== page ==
W. Taylor Kimberly, MD, PhD
Taylor Kimberly is a stroke and critical care neurologist in the Department of Neurology. Dr. Kimberly’s research group studies metabolomic and neuroimaging biomarkers of stroke and cerebral edema. The overarching goal is to identify novel biomarkers and candidate therapeutic targets for secondary brain injury. A key focus is to design and conduct multicenter clinical studies targeting brain edema, applying biomarkers to probe pharmacologic mechanisms and guide the development of novel therapeutic agents in stroke.
Questions being addressed in the lab
- Does ABCC8 / sulfonylurea receptor 1 (Sur1) mediate brain edema after large hemispheric infarction in stroke patients?
- How does acute inflammation lead to brain edema and which patients suffer worse outcomes as a result?
- What novel risk predictors can be identified using metabolite profiling for incident stroke?
Projects underway to answer these questions
We are leading an international clinical trial that is testing the Sur1 inhibitor glyburide for the prevention of brain edema after large hemispheric stroke. Following the successful completion of phase 2a and 2b studies, we currently co-lead the CHARM study, a phase 3 randomized, placebo-controlled, double-blind trial testing the clinical efficacy of intravenous glyburide for the prevention of brain edema after large hemispheric stroke (gov Identifier: NCT02864953).
Our group develops and evaluates neuroimaging and proteomic biomarkers that guide prognosis and treatment decisions after acute brain injury. A major focus is to characterize which patients are prone to edema formation and its relationship to subsequent neurological recovery. Having established tools to non-invasively characterize brain edema in patients, we identify novel pathways that are markers for and contribute to brain edema formation. Our analyses suggest that the sterile, innate inflammatory response to ischemia drives edema formation and contributes to worse outcome.
We investigate novel metabolomic predictors of incident stroke in community-based cohorts, using a liquid chromatography-tandem mass spectrometry platform designed for high-throughput metabolite profiling of patient biospecimens. Our group has developed a novel targeted metabolomics method that can detect ~200 polar metabolites in small sample volumes with enhanced sensitivity and reliability. Previously we have applied the technique to predictors of cardiometabolic traits, and have turned our attention to the identification of risk predictors for stroke subtypes.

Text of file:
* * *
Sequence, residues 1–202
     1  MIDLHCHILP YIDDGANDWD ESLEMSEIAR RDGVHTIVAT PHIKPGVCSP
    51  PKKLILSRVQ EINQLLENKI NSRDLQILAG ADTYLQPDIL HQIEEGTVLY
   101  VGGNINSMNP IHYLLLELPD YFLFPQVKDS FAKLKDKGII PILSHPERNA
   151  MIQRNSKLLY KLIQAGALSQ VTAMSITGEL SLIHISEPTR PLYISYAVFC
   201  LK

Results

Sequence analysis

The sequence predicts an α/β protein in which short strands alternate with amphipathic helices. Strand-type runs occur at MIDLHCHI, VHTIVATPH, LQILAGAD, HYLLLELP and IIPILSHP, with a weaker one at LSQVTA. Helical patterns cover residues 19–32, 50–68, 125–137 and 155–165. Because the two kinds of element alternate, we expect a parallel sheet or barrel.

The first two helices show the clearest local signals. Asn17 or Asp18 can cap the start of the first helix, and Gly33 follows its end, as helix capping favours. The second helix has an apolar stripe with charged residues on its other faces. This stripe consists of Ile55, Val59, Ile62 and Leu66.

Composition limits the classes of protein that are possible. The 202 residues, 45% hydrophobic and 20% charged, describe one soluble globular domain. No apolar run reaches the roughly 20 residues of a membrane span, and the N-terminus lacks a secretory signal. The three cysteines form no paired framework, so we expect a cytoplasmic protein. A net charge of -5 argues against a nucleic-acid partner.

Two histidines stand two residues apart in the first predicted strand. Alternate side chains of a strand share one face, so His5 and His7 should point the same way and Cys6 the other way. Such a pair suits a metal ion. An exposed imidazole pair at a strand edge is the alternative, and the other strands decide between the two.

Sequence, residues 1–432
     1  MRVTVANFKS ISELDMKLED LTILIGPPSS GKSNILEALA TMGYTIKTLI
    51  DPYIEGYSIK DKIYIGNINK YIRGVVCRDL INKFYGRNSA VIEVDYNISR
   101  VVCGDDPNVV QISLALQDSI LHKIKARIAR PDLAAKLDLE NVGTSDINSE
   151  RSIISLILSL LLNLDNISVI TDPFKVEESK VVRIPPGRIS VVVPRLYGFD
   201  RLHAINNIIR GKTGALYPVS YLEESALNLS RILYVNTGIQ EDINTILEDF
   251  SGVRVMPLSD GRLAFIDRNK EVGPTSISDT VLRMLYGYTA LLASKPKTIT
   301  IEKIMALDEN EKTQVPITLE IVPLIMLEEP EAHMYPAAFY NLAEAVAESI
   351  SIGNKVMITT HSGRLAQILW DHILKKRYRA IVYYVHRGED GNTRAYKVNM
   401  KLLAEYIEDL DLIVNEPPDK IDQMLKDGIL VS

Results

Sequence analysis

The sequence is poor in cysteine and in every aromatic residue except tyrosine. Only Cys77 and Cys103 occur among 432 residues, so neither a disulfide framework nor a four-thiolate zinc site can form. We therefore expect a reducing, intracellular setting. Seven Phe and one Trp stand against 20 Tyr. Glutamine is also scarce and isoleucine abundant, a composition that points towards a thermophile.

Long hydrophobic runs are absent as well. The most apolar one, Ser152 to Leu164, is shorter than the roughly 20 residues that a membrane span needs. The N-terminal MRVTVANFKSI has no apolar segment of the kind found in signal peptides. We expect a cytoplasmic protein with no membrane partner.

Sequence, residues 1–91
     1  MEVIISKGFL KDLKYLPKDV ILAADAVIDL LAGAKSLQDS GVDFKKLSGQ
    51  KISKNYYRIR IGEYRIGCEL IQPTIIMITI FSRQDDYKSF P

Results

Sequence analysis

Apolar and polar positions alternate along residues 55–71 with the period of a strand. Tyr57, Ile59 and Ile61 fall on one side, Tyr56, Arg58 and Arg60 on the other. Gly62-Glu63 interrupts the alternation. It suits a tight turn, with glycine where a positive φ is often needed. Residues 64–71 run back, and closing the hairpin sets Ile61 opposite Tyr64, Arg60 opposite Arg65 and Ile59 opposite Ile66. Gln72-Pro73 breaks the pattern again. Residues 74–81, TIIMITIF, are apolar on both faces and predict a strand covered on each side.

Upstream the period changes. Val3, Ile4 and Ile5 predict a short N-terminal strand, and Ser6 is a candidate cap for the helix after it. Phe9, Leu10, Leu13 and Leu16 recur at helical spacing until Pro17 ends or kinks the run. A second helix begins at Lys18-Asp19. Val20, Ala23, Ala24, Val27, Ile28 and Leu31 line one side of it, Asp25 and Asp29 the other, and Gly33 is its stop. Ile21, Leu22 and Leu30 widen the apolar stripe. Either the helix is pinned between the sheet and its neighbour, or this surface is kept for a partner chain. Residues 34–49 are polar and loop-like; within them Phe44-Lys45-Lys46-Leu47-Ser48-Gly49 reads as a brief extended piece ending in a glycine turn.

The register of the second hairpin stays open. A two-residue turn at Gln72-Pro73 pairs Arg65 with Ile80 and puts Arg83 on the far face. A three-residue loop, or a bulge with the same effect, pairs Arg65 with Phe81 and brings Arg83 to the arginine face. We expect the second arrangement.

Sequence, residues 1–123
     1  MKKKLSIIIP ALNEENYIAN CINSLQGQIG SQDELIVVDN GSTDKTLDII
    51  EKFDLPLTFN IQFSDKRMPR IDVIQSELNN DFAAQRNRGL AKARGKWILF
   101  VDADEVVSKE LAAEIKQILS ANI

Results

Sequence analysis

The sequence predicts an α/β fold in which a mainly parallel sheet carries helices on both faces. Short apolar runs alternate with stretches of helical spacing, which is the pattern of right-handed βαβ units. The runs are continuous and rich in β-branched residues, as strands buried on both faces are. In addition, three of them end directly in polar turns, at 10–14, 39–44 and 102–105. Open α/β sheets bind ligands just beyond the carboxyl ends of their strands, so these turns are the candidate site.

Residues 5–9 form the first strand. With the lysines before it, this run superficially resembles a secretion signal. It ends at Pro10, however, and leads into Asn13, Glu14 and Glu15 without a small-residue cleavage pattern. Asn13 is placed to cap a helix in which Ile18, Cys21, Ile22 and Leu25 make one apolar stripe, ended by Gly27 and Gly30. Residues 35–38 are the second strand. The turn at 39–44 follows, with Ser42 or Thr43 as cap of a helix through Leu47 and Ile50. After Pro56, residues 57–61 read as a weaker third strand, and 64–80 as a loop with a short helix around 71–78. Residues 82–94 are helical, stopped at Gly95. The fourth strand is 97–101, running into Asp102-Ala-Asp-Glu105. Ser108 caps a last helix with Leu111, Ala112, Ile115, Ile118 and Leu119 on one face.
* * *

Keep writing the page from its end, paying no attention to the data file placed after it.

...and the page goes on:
GAMES-RP Trial (ClinicalTrials.gov Identifier: NCT01794182). We completed a phase 2b study, GAMES-RP, which was a multicenter, randomized, double-blind, placebo-controlled trial testing intravenous glyburide (RP-1127) for the prevention of brain edema. This study showed a reduction in brain edema, as measured by midline shift, and a reduction in the edema biomarker, matrix metalloproteinase-9 (MMP-9). Treatment with intravenous glyburide was also associated with a 50% reduction in mortality and evidence of improved outcome
We have developed several imaging tools to non-invasively quantify brain edema in patients, in order to study which patients are impacted by its development. We have found that brain edema is a significant source of secondary injury in about one quarter of all strokes, corresponding to a substantially larger proportion of patients than previously appreciated. Our analyses suggest that the innate inflammatory response is linked to the formation of edema, and the subsequent risk of death and disability.
We have also developed a novel metabolomics method that can measure >200 metabolites simultaneously in a small biospecimen volume. We have identified several key metabolites associated with outcome, including the endocannabinoid anandamide, which may serve as a prognostic biomarker for secondary brain injury. In other studies, we have identified that impaired oxidative phosphorylation may be linked to atrial fibrillation-associated stroke risk. These studies may help guide secondary stroke risk reduction, particularly in patients who have embolic stroke of undetermined source.
Highlighted Publications from the lab
Safety and efficacy of intravenous glyburide on brain swelling after large hemispheric infarction (GAMES-RP): a randomised, double-blind, placebo-controlled phase 2 trial